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Link to an image of this page  Link to an image of this page  [L1r p161]

HONNEUR

Des choses haultes, renom-
mée perpetuelle.

Ung passerel dessus ung plane mit
Dix passereaulx: mais ung serpent les vit,
Qui tout mangea, en sa gorge mortelle,
Puys devint pierre, & digne de mort telle.
Link to an image of this page  Link to an image of this page  [L1v p162]Ceste fable est (si l’on veult Chalcas croire)
De long labeur aeternelle memoire.[1]

Ce fut le pronosticque de la guerre de
Troie, qui dura dix ans, signifiéz par les dix
passereaulx, & la finalle destruction, par la
devoration du serpent: & la memoire aeter-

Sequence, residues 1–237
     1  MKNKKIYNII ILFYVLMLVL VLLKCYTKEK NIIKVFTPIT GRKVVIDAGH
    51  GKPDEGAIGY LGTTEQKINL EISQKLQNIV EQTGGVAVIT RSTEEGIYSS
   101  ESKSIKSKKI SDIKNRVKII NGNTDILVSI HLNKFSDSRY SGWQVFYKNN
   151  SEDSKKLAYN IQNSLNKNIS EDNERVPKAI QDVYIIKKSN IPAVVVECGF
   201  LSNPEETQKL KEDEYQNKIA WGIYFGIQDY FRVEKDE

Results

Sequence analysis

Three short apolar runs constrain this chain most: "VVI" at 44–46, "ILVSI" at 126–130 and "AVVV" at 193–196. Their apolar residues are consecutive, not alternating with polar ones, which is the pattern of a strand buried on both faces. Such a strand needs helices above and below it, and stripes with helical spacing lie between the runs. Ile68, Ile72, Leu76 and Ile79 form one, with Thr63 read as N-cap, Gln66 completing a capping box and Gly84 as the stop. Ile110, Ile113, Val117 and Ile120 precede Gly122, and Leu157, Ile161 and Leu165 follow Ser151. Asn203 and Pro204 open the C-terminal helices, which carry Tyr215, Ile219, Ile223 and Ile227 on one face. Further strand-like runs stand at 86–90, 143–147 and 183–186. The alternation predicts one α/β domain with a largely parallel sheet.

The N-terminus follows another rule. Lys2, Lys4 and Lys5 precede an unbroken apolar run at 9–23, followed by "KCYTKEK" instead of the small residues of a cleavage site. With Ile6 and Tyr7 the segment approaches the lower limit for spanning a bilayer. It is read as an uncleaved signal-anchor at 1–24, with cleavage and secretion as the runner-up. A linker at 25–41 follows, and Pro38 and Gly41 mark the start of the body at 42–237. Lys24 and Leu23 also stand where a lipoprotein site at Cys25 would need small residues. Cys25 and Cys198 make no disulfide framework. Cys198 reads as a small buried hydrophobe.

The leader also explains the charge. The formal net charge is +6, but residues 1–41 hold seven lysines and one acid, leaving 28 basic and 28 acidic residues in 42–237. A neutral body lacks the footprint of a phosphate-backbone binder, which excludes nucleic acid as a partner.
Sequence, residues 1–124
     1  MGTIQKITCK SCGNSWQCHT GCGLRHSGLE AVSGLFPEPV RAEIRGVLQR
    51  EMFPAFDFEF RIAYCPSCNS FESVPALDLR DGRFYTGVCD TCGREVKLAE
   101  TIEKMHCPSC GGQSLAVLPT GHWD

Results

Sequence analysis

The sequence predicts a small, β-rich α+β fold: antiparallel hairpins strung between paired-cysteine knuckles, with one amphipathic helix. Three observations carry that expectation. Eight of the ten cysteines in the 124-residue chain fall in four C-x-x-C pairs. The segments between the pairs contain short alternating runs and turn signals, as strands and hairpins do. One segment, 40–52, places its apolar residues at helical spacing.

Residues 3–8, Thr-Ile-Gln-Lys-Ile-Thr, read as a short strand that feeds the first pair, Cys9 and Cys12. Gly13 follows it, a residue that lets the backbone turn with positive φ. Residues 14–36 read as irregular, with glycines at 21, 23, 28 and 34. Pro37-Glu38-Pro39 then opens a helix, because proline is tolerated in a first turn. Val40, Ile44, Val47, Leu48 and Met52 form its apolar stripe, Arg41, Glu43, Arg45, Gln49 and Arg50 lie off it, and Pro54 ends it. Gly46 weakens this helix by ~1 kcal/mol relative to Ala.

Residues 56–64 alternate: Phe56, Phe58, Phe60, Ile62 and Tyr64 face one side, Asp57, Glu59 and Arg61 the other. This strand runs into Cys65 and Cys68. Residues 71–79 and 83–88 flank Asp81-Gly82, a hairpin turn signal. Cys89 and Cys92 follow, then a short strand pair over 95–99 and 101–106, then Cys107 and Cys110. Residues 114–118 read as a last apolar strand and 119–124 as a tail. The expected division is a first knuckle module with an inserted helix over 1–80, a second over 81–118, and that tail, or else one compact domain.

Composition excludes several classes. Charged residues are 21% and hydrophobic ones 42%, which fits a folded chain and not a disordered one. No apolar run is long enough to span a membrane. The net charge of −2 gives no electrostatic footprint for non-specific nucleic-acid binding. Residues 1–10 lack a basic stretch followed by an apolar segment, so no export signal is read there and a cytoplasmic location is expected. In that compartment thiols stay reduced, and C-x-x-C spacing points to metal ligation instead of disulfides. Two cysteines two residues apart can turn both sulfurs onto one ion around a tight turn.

nelle qui en seroit, par la transmutation du
serpent, en pierre pardurable, Et ainsi inter-
preta ce signe advenu en ung sacrifice, &
prognostica Chalcas, presbtre des idoles, au
camp des Graecz devant Troie.

Notes:

1.  See Homer, Iliad 2.299ff. for this portent which occurred at Aulis, where the Greek fleet was waiting to sail for Troy. Calchas the seer interpreted the eating of the eight chicks and their mother, followed by the death of the snake, as foretelling the nine-year battle for Troy, followed by success.


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